“It’s not just the quitting that is going to resolve all the feelings that were left over from whatever happened,” Orbé-Austin said. “Oftentimes, when we’re so angry, we’re not doing anything but [venting], and so I think it’s really important that you’re taking care of your holistic health, and to just take a step back and see what you’re missing in your self-care process.”
5. Plan your exit strategy, or accept the consequences if you must rage-quit without notice.
What movies and TV shows don’t always tell you is that quitting on the spot can feel great in the moment, but have long-term consequences.
Orbé-Austin quit a past job without notice, but she does not advise doing so on the spot without a plan. “It can have consequences in terms of your professional reputation you might not even think about,” she said. “I, at the time, knew those consequences.“
If you do decide that you must quit your job on the spot, be prepared to deal with colleagues gossiping about it. “A lot of people will never know the circumstances underneath and will only see your rage-quitting,” Orbé-Austin said. “On the other side of me leaving were all these people who were saying, ‘How could she do that? How unprofessional. How could she ever be trusted again?’”
But don’t wait around, either, hoping your work situation will get better. Internal opportunities such as getting a new boss or joining a new team may eventually come along and relieve the pain point causing the anger. But, Orbé-Austin said, you should be proactive and take steps that are in your control, like networking and job-hunting, to get you out of your circumstances.
If you feel like rage-quitting, “you want to establish a greater sense of agency and control in your life,” she said. “It requires you doing things to move yourself forward and not necessarily waiting for something better to come along.”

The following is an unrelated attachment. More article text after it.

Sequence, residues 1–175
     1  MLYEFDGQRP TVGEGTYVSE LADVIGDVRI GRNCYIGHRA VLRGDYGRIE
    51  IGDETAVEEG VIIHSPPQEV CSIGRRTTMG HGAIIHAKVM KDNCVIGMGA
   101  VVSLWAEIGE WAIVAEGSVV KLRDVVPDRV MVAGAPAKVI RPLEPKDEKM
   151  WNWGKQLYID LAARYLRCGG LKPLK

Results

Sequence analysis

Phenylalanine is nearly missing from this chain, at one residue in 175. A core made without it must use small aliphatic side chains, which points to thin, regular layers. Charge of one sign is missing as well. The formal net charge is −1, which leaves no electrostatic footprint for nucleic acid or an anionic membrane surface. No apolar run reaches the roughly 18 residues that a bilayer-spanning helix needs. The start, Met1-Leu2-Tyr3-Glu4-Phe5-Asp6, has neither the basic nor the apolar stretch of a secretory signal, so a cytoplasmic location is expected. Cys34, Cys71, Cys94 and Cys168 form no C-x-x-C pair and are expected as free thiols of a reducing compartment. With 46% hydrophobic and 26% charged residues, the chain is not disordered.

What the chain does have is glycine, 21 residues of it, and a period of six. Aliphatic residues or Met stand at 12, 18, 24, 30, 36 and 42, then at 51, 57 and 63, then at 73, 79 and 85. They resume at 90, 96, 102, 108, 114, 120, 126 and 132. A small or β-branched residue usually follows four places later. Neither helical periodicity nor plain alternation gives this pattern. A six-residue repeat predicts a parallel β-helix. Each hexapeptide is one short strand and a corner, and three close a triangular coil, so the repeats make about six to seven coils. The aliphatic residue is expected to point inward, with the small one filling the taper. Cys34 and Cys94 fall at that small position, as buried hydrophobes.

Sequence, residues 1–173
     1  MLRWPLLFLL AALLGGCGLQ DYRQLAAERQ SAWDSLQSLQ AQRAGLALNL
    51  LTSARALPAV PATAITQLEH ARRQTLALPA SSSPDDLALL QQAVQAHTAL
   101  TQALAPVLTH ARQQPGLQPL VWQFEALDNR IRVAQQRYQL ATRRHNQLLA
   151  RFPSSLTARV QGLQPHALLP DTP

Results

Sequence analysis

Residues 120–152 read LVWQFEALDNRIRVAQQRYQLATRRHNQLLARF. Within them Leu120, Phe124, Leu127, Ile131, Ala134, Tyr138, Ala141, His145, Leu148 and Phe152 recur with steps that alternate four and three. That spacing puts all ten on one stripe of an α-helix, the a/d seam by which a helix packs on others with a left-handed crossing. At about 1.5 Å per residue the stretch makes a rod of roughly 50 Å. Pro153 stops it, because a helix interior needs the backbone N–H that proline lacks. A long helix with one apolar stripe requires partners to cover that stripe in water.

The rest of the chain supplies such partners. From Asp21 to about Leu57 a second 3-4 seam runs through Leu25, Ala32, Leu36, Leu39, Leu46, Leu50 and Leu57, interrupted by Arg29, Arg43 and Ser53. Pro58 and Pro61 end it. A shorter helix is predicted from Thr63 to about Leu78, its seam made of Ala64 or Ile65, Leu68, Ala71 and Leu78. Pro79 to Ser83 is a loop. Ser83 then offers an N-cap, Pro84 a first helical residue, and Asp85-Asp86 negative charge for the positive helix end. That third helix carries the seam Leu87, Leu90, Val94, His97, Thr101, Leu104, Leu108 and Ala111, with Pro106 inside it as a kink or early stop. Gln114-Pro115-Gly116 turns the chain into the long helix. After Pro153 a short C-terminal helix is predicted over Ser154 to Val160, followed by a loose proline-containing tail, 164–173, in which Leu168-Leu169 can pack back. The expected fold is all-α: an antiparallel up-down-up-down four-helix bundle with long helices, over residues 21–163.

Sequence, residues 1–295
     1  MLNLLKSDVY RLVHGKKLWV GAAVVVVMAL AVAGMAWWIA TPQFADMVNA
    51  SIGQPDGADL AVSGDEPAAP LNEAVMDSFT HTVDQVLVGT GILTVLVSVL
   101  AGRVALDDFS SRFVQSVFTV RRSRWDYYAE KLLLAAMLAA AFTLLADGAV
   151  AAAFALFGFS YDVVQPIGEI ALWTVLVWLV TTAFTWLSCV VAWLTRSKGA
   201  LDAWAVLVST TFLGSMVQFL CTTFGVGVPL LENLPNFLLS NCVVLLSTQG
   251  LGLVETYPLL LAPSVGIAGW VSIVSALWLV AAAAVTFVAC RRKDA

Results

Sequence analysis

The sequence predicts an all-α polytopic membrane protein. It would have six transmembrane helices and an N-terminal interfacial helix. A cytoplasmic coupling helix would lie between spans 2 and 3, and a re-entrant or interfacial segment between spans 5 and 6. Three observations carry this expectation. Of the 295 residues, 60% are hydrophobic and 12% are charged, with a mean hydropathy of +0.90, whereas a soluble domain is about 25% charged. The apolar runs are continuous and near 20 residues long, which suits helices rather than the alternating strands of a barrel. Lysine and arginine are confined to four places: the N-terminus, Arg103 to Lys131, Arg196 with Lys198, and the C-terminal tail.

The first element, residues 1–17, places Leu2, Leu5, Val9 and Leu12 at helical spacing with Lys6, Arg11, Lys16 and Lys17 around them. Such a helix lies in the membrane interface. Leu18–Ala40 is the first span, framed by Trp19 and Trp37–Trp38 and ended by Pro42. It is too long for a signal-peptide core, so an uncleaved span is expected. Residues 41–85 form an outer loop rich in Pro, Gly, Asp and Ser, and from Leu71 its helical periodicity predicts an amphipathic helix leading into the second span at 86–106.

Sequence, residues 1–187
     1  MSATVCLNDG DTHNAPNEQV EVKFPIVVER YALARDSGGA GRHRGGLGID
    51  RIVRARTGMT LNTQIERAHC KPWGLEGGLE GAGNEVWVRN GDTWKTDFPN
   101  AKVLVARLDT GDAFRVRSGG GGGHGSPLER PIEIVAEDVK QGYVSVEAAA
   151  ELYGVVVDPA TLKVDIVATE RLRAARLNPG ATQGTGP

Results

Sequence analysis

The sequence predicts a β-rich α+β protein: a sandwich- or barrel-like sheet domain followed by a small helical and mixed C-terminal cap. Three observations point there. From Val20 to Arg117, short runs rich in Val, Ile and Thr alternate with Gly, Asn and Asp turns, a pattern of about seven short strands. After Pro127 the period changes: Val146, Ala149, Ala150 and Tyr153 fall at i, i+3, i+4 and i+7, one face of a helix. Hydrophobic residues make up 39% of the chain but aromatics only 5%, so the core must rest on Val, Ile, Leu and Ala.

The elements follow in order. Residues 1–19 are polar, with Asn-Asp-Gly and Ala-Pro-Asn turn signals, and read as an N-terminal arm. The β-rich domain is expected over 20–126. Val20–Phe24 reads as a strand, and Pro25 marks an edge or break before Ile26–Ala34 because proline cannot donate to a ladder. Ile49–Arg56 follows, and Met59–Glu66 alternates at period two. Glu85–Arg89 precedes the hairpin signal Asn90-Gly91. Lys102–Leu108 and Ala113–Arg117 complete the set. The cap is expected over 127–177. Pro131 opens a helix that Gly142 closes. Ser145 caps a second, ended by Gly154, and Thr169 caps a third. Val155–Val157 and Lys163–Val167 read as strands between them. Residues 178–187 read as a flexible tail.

Melinda French Gates Now A Billionaire After Stock Transfer From Bill Gates
Bill’s investment vehicle, Cascade Investment, transferred $1.8 billion in securities to Melinda on Monday, May 3, the same day the pair announced their surprise divorce, according to SEC filings. That makes Melinda worth at least $1.8 billion, while the stock transfer puts a slight dent in Bill’s net worth, which fell to an estimated $128.6 billion, from $130.4 billion. Even after the ten-figure transfer, the Microsoft cofounder remains the fourth-richest person in the world.
Melinda received 2.94 million shares of AutoNation and 14.1 million shares of Canadian National Railway Co., which are worth $309 million and $1.5 billion, respectively. (Bloomberg News first reported the transfer.) Bill uses Cascade Investment, a holding company based in Kirkland, Washington, to manage his money, including the proceeds from selling Microsoft shares. Bill at one point owned a significant slice of Microsoft, but has given away (to the Gates Foundation) or sold most of his stake over the years and now holds less than 1%.
The stock transfer is almost certainly part of Bill and Melinda’s divorce settlement. While it’s unclear if they signed a prenup, according to their divorce filing Bill and Melinda asked a judge in Washington State to divide their assets based on the terms of a separation contract—a document that is typically signed when spouses are living apart but have not yet divorced. The terms of the contract weren’t disclosed. Bill may have also transferred other assets to Melinda in nonpublic transactions.
Mindfulness Activities to Find Calm at Any Age
The practice of mindfulness is gaining popularity as a way to ease stress, soothe anxiety, and be more present and engaged in life.
Good news: Incorporating mindfulness activities into your routine can be incredibly simple, no matter what your age.
With a little forethought, almost everything you do can become an opportunity for mindfulness
The everyday mindfulness activities below offer plenty of opportunities to slow down, get present, and be more aware of yourself and your surroundings.
Mindfulness activities for adults
One of the most common and well-known mindfulness activities for adults is meditation. While it may seem esoteric or inaccessible, meditation can actually be very simple.
These exercises are meant to transform everyday experiences into mindful moments.
Walking meditation is exactly what it sounds like: a form of meditation you practice while walking, often in a straight line or circle.